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Dave Chapelle Continues His Transphobic Tirade at Radio City

Dave Chapelle Continues His Transphobic Tirade at Radio City

Dave Chapelle Continues His Transphobic Tirade at Radio City
Photography: Matt Sayles/Invision

Someone needs to take his microphone away.

Can we culturally cancel Dave Chapelle already?

This week, Chapelle started his run of shows at Radio City Musical Hall in New York and reportedly began his hour-long set with 20 minutes of out-of-touch jokes about trans people. Chapelle claimed to be shocked by Trump's ban on trans people in the military, saying trans soldiers would in fact make for the ultimate weapon. "If I was in ISIS in the trenches fighting against the United States and all of the sudden I see a man with a beard and big D-cups titties just rushing my foxhole and shit, I'd be horrified," he joked. He later seemed to have a genuinely thoughtful response to a fan's letter admonishing his previous transphobic jokes (from his Netflix special), explaining that, "a weird thing happened to me in this moment -- it honestly made me feel bad that I made somebody else feel bad."

But this was actually just a set-up for more foul transphobic humor. "I read in the paper that Caitlyn Jenner was contemplating posing nude in an upcoming issue of Sports Illustrated. And I knew it was politically incorrect to say, so I figured I'd just say it for everybody--yuck. Fuck, man, I just want to read some stats, like why are you cramming man-pussy in the middle of the sports page like that?"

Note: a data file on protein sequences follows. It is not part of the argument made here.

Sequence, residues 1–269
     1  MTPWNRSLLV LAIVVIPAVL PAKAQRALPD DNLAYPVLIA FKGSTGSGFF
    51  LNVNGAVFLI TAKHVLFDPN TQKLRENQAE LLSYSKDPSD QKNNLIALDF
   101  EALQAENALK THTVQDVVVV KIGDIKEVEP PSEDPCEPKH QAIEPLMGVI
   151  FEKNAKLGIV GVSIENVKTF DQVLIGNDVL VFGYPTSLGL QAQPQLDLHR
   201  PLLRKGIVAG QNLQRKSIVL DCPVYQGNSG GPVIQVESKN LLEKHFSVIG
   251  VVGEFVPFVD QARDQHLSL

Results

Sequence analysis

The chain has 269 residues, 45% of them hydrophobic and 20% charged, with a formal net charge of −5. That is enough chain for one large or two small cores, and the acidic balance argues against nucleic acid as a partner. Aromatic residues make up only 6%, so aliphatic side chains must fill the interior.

Chapelle also claimed that the only reason "transgenders" were being thrust into the spotlight were because "white men want to do it. If it was just blacks and Mexican like, 'Hey, y'all, we feel like girls inside.' They'd be like, 'Shut up, n-----, no one asked how you felt.'"

I loved The Chapelle Show when it aired as much as anyone else. Back then, Chapelle's comedy felt incisive, groundbreaking. It was dark and edgy, sure, but it was saying something meaningful. It felt like Chapelle was saying things the rest of us were too afraid or unfunny to say. It felt like he was using humor to make valid points about race and class in America.

Now, it just feels like Dave Chapelle is an asshole who should not have access to a microphone.

30 Years of Out100Out / Advocate Magazine - Jonathan Groff and Wayne Brady

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